When you experience pain in your mouth, it’s sometimes abundantly clear which tooth is causing it. At other times, the sensation of discomfort is more diffuse, generalized or hard to pinpoint. On occasion, it can even be challenging to determine exactly what problem or combination of problems is causing the symptoms you’re experiencing. This may be the case when an infection exists in the root canals of a tooth as well as the gum tissue adjacent to it.
In this situation, the infection may have begun in the pulp of the tooth itself; or, it may have started in the gums. Over time, it has spread from one location to the other — and now it’s causing a confusing set of symptoms that are difficult to sort out. Regardless of where the problem started, a thorough analysis will be necessary before treatment can begin, to give you the best chance of saving the tooth.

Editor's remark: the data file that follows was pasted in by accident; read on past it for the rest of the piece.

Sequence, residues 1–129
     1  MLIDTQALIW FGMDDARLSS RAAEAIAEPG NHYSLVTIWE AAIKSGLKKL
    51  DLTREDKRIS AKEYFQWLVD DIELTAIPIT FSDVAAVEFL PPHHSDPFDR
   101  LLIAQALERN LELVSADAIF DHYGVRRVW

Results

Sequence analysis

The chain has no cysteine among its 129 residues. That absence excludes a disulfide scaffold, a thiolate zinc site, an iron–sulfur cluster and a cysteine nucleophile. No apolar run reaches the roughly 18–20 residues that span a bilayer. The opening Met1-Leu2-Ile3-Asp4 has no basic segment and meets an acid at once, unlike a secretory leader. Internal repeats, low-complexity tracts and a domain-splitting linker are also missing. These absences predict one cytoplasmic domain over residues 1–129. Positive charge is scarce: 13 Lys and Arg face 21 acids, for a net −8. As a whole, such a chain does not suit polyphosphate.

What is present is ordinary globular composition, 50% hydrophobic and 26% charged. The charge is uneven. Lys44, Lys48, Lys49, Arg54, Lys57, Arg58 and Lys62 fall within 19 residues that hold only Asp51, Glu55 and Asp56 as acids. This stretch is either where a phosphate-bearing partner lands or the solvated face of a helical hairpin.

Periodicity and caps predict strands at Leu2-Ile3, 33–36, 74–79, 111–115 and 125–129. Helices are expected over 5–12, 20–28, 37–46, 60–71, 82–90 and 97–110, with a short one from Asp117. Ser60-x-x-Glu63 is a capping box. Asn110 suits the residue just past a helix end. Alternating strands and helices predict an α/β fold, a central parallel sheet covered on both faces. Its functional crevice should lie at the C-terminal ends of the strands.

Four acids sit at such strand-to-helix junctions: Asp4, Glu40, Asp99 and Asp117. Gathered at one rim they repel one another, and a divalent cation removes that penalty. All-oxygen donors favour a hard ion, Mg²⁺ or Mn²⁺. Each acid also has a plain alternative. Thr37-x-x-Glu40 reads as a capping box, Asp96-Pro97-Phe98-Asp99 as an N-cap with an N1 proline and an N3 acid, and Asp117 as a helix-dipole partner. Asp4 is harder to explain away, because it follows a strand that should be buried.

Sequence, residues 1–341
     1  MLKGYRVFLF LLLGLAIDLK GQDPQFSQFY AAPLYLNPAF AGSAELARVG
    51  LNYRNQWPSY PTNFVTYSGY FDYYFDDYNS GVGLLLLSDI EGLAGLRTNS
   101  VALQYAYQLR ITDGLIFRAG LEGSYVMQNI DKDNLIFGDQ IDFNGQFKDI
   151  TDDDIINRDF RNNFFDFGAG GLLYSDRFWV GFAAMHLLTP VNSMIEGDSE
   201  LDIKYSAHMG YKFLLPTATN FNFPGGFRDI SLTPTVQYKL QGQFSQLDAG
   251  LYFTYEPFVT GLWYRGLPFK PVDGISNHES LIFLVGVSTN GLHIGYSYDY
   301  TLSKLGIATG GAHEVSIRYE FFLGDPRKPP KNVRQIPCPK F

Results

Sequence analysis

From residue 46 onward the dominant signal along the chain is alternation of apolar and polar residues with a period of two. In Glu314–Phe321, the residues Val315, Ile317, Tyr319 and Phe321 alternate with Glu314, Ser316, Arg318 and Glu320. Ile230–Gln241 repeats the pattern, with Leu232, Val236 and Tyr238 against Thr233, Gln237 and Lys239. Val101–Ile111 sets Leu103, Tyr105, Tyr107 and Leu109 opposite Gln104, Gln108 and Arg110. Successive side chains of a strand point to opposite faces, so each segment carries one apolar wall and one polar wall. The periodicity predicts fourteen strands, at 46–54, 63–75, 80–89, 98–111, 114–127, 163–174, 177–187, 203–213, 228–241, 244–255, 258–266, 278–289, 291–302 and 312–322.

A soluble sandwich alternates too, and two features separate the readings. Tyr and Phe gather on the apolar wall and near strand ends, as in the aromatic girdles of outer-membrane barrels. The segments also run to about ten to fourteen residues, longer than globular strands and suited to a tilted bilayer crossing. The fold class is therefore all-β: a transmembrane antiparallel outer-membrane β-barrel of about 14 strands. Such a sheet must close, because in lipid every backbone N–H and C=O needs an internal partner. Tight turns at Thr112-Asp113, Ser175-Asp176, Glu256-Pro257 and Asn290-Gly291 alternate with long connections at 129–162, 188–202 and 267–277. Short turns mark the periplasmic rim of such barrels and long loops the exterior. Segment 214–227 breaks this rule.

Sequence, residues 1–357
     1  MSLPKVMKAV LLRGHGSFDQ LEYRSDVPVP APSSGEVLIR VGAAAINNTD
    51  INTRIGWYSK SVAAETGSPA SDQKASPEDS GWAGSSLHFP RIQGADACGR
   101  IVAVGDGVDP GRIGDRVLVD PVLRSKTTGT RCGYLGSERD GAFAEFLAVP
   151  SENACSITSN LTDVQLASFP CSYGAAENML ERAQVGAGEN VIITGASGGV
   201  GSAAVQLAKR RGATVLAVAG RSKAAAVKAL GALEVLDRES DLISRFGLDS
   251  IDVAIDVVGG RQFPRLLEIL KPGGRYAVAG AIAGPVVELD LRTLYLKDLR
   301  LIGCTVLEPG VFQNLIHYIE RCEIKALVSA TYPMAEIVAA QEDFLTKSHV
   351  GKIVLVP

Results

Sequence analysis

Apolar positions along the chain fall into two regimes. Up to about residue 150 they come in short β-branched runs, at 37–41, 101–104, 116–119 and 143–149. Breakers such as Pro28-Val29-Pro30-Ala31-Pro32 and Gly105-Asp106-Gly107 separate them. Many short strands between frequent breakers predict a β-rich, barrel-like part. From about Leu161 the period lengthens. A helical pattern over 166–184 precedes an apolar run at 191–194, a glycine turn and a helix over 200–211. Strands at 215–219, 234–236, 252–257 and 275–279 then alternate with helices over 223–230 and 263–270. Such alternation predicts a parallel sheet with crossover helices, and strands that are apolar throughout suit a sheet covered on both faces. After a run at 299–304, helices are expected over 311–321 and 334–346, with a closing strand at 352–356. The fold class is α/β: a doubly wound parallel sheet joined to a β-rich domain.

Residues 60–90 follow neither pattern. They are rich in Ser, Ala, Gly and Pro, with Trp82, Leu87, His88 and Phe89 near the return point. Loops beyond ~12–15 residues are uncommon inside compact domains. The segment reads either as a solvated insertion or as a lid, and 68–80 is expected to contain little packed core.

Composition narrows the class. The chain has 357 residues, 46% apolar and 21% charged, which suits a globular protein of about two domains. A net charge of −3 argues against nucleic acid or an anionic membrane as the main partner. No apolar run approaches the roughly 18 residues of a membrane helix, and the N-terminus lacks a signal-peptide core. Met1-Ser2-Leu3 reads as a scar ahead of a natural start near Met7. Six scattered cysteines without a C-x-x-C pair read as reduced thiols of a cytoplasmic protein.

When dental problems involves both root canals and gum disease, saving the affected tooth can prove challenging. This is when it matters where the infection started: If it’s primarily a root-canal problem that later moved into the gums, the outlook for the tooth is reasonably positive if it receives immediate treatment. If gum disease came first, however, the prospects often aren’t as good; by the time the infection has moved into the tooth, it’s possible that much bone has already been lost, making the tooth’s long-term prognosis poor.
In either case, the cause of the tooth pain will need to be diagnosed and an effective treatment plan developed. The sooner that happens, the better: Root canal and gum problems simply don’t get better on their own.